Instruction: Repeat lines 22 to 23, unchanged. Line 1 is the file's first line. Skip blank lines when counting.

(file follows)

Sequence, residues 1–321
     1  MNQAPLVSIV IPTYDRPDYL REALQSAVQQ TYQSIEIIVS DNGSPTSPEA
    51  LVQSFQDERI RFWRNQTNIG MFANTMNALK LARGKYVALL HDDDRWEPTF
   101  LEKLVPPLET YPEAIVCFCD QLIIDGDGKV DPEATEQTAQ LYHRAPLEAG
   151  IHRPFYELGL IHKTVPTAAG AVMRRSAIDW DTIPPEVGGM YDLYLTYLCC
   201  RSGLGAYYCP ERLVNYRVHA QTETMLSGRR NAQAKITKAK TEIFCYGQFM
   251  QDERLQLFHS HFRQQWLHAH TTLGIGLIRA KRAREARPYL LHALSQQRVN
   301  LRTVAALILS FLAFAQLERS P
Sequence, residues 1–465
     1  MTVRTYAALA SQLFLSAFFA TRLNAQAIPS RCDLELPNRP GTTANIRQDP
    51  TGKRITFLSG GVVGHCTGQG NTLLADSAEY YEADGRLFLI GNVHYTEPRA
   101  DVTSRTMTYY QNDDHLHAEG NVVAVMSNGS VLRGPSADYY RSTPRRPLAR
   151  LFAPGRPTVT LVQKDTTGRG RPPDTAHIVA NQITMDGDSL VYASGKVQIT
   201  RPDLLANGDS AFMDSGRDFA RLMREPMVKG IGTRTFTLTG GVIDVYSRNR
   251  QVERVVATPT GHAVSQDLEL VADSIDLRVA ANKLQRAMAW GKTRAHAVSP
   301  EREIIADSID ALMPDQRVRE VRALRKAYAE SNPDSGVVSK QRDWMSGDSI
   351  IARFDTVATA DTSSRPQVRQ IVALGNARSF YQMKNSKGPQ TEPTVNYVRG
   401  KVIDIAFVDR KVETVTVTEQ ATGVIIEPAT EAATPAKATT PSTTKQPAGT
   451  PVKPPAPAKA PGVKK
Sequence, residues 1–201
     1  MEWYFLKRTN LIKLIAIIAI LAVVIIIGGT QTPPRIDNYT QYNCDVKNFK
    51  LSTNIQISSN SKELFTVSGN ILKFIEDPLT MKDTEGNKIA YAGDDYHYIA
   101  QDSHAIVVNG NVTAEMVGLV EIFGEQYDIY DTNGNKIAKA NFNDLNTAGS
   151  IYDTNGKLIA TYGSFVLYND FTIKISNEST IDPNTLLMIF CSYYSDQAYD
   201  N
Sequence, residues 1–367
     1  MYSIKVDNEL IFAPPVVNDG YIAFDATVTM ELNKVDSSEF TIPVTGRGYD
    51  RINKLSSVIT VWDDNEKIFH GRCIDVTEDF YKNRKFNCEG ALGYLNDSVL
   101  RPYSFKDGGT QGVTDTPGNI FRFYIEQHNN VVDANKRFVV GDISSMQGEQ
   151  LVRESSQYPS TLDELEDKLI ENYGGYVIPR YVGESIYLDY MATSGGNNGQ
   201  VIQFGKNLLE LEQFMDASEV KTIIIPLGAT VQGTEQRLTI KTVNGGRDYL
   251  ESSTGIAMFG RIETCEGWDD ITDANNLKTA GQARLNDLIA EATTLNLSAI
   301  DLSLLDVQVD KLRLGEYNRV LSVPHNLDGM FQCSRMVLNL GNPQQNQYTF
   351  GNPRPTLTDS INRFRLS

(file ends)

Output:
    51  LSTNIQISSN SKELFTVSGN ILKFIEDPLT MKDTEGNKIA YAGDDYHYIA
   101  QDSHAIVVNG NVTAEMVGLV EIFGEQYDIY DTNGNKIAKA NFNDLNTAGS